When the world persecutes us, we must remember that the world fights in a battle with a predetermined outcome. There is no glimmer of hope for its victory, for it will ultimately come to ruin and destruction under the wrath and judgment of God.
You know, there a moments within the Christian life that make you question God. Sometimes these questions are good, helping us draw closer to Him in spirit and in truth, and some are damaging. In an effort to delineate the differences between the two, I am hoping to quickly outline how open God is to questions of a kind, and how absolutely closed He is to questions of another.
I asked a question at the beginning of the last post, a question that continues to resonate within me as I write this post almost 2 weeks later. That question was, “When did Jesus stop being enough?” We have need now to draw people into worship, into community, into the event that is “church” and in the midst of it all, who is glorified, who is the focus? Many churches making decision based on what is trendy or new or cutting edge such places generally place their own image or “church” ahead of the person of Jesus.
Question, when did Jesus stop being enough? At what point did we feel that God needed our help keeping members, or that God even wanted to keep every member? When did we begin to believe that church couldn’t be done without all of the music and technology? Don’t get me wrong, in every place I’ve been I’ve been one of those people pushing for the church I am attending to update and become current both with music and with technology. But, when did we begin to think that those things were needed? A foul spirit has infected the church, a spirit that preys upon the selfishness of human desire and envy.
I’ve been a Christian for some 15 years now, and have had the privilege of working with all different kinds of faith communities. I’ve witnessed a lot of differing approaches to ministry some of which are wildly successful and others that are wholly underwhelming. What is interesting is that in all of these relationships I have witnessed a very consistent undercurrent within the universal body in America.
Human beings by nature are divisive. We like to categorize, control, and push away those who do not act or look like we do. The Church is meant to reflect a level of unity that puts the world on notice, and certify that the return of the everlasting King of the universe is immanent. We are intended to be a visible, physical representation of the kingdom of heaven. So the question then becomes, why are we so divided? Within American Christianity there are over 1,500 different denominations and world-wide there are as many as 41,000. That’s right; this is how many denominations there are in Christianity alone, not religions in the world.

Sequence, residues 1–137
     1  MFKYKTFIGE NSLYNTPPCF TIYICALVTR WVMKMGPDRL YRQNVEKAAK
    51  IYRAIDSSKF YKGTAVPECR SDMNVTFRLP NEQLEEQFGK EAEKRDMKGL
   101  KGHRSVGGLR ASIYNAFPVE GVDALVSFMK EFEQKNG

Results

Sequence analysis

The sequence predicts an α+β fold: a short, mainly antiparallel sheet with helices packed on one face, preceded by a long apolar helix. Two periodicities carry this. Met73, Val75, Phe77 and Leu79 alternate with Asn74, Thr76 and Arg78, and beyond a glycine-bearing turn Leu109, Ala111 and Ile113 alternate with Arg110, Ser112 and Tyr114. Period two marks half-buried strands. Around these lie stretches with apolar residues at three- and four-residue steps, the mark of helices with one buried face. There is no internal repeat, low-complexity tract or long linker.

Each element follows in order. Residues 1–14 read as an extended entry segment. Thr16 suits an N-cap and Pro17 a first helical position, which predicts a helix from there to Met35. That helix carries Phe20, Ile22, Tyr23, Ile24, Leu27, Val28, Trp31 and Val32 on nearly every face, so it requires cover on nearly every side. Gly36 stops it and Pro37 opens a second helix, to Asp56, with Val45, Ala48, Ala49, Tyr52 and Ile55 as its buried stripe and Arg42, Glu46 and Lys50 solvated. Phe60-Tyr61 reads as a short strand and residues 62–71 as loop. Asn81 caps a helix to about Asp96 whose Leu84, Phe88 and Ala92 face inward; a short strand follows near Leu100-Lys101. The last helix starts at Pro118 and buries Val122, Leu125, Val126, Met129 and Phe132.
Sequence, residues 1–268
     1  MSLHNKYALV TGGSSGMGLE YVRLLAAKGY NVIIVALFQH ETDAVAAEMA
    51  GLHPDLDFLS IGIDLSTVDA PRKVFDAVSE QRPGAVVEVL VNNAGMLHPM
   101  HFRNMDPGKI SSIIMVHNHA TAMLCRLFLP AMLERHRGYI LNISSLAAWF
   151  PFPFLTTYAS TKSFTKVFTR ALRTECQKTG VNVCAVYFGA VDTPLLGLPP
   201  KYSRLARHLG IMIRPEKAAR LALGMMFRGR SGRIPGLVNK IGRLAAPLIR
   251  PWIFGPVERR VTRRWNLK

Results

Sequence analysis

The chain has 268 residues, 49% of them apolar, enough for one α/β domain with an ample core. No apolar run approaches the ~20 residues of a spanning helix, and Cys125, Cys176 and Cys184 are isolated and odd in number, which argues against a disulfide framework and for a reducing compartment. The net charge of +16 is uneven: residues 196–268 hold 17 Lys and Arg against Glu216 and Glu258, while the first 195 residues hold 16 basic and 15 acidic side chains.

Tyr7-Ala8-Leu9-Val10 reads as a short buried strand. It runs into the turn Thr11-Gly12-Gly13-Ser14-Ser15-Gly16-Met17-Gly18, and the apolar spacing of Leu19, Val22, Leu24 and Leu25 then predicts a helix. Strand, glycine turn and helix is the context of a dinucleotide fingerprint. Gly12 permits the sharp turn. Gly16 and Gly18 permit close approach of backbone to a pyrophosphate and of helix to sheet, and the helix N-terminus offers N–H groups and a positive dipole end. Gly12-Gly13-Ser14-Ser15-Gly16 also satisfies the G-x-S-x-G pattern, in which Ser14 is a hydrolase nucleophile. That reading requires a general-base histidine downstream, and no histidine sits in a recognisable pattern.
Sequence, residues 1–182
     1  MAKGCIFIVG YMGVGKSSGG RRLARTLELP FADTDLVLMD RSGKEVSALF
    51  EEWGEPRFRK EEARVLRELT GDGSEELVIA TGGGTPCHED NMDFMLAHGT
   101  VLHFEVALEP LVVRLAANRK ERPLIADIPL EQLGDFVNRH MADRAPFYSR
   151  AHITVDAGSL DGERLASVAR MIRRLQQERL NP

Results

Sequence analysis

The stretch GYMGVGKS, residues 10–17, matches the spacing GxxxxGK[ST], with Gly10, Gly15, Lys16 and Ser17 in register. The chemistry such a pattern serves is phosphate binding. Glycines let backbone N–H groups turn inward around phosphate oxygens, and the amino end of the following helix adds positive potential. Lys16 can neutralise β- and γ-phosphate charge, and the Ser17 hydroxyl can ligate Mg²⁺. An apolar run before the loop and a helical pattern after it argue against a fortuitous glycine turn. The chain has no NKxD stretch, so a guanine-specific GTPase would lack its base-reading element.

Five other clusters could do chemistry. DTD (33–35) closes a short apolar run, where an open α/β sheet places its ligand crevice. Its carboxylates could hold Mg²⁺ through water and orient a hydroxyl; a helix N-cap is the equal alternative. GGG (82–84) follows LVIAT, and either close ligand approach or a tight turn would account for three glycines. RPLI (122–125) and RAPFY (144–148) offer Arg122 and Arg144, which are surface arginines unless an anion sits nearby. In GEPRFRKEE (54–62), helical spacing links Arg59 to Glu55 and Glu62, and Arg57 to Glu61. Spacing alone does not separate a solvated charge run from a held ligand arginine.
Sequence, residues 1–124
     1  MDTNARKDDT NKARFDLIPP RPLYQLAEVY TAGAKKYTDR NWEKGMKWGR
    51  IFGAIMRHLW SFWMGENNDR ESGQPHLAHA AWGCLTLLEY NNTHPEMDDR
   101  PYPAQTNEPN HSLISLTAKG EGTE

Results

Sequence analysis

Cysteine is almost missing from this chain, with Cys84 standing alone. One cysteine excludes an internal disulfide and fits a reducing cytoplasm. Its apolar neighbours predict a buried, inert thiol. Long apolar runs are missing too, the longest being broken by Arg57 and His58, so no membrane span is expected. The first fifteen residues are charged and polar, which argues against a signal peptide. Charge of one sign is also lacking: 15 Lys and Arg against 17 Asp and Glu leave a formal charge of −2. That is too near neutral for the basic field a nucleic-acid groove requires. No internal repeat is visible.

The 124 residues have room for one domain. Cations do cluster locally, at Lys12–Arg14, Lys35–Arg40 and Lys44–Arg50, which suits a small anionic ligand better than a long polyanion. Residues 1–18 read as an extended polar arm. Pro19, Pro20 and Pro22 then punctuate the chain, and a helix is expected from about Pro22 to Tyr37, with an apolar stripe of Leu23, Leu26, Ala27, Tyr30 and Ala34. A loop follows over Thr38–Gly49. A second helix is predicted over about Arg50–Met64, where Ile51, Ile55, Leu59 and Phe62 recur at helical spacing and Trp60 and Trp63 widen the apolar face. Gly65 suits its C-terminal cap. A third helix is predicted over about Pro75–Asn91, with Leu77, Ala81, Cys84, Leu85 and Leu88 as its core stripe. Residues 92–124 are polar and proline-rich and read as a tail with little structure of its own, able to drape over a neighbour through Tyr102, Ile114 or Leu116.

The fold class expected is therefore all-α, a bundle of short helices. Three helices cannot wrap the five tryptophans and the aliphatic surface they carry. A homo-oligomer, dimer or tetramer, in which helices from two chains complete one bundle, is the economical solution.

Since my call to Christ some 15 years ago, I have heard many different ideas and concepts about death. Many of these ideas are ones that ascribed to for most of my life. Death is an uneasy topic…a topic that will quite literally send some out of a room faster than any other topic of conversation. It is…morbid…a thing that no person truly likes to talk about because…well it is inevitable.
A few posts earlier I made some comments about my hopes and dreams for my now newborn son—what I wanted him to become, what I wanted to instill in him. I am not a person taken back by much. I have seen my fair share of tragedy, heartache, joy, and elation, but I never expected this. Many friends who are already parents had told me how immediate the love for their child was; how when they were born it was literally love at first sight.
You know, submission is not a word that we like in our society. It is not a word that sounds like it denotes freedom and the pursuit of happiness. It is a word that pushes us to place ourselves behind others in priority and to consider others needs before our own. Obedience is another word that is not very popular, one that makes most people shutter at its very thought.
In our modern world, a word like extremism will turn heads. It is a “buzz” word that immediately identifies someone who has gone too far regarding an ideal, thought process, or worldview. Most common within our society is this word’s association with Islamic organizations like ISIS, Hamas, and Al Qaeda.
Perhaps one of my all-time favorite illustrations of God is given life through the pen of C.S. Lewis in his writing of Aslan. For those who haven’t read the Chronicles of Narnia I’ll try not to ruin it. Aslan is a lion, King of Narnia and all that dwell within it.
f God is a person as we concluded last week…then that truth needs to impact how we come to know who he is. Some approach the study of God with an almost scientific outlook. They catalogue facts of the biblical text, looking to reveal who God is through the study of the scriptures.